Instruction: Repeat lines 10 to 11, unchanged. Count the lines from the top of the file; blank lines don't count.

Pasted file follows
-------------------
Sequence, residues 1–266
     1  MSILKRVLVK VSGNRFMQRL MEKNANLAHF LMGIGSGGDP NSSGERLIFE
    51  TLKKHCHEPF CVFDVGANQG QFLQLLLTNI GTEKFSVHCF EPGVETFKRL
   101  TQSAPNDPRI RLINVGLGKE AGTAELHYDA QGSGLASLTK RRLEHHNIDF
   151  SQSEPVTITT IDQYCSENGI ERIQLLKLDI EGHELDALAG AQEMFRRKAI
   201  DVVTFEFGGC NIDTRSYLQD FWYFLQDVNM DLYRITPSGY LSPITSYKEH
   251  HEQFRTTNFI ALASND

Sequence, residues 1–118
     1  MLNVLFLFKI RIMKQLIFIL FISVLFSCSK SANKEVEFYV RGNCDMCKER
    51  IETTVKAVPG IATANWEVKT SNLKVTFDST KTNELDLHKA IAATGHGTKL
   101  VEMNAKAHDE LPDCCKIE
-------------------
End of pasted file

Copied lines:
    51  IETTVKAVPG IATANWEVKT SNLKVTFDST KTNELDLHKA IAATGHGTKL
   101  VEMNAKAHDE LPDCCKIE